A professor was trying to explain a psychological process the scientific way, in his newly published journal titled, “how people happen to like something”. “When perceptive action takes place, the left cerebral contact part memory archives it as first information impression, it is then neurologically linked to the subconscious section of emotional responses, and it’s later resubmitted to retrieval systems then…bla bla bla…”
Hey wait a minute, hold on, said one little man, professor when a person sees something good, they like it automatically, what is there to explain? You are even making it harder than it was before, people like things simply because they are good, and hate things that are bad, “end of story” You have a point professor but I think there is a better way to tell them that, I know what I am doing,” remarks the professor, “Do you think you can teach me how to teach you?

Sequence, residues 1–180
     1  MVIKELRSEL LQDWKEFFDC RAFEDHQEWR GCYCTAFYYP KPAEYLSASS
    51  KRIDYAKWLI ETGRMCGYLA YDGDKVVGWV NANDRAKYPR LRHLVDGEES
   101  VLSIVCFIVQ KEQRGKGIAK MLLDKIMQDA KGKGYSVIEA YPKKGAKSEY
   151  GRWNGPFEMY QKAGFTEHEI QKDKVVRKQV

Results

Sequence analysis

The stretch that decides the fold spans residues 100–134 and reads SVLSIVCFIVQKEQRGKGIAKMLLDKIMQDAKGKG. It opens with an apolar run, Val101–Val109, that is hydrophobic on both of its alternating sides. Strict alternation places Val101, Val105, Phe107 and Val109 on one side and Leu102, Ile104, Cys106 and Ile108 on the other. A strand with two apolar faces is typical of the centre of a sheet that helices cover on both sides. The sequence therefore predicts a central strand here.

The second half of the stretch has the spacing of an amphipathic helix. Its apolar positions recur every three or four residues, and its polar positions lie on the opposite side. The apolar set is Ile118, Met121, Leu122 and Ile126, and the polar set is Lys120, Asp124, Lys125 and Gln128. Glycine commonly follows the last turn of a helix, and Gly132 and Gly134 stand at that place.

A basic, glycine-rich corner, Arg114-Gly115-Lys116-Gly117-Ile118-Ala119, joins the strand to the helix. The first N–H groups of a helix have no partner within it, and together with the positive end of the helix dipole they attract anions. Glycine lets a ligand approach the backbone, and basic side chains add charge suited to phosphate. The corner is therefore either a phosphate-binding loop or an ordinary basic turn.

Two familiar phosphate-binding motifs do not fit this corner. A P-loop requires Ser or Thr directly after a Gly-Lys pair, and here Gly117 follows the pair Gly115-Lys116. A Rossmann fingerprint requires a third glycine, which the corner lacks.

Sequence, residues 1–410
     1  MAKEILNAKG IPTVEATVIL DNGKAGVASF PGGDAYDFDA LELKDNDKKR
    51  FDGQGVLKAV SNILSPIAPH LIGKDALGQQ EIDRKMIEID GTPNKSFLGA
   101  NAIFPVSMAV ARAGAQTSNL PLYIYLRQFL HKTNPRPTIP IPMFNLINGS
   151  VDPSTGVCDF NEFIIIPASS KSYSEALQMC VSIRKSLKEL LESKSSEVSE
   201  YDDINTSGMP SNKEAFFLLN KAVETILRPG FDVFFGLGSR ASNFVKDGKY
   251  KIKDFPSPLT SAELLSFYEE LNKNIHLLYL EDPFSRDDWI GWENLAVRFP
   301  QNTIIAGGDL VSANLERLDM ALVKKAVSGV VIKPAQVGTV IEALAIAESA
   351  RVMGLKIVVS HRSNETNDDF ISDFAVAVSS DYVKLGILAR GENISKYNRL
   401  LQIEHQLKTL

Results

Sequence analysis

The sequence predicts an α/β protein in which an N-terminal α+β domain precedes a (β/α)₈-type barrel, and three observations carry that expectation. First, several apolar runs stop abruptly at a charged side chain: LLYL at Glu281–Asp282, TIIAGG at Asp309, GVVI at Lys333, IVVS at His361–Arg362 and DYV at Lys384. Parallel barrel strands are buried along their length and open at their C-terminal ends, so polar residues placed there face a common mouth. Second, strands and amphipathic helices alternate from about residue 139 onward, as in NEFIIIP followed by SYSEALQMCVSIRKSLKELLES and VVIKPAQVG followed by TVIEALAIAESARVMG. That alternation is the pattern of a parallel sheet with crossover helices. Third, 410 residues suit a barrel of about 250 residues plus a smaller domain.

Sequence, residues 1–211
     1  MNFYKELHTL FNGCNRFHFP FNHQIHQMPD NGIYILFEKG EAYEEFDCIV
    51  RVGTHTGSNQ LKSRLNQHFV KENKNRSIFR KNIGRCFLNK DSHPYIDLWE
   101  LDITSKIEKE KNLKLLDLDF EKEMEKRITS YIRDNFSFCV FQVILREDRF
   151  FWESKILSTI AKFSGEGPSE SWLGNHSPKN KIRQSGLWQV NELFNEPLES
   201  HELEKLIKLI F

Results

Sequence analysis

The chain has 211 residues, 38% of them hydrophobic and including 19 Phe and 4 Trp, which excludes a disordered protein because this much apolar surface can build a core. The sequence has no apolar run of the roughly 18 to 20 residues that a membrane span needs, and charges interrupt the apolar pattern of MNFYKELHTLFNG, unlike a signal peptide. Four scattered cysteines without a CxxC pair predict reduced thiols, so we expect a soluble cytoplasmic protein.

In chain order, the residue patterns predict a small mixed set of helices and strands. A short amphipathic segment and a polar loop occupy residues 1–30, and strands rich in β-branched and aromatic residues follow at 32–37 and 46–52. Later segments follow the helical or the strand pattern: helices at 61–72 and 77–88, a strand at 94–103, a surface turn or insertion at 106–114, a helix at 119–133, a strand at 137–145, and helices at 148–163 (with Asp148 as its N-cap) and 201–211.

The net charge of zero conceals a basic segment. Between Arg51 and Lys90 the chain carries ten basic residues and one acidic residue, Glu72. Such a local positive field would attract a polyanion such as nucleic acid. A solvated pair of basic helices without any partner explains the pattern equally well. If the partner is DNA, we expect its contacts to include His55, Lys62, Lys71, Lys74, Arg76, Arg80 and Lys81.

Does your explanations simplify things or do they make simple descriptions harder? If you try to re-explain further what is simple, you will be making it harder than you found it this is already plain simple and straight to the point. So that’s why we go for hard-core activities there is nothing to simplify here.
Those who try to pack their work with utter professionalism end up diluting their once exciting writings with meaningless, dense jargon, you read an entire paragraph without understanding a thing.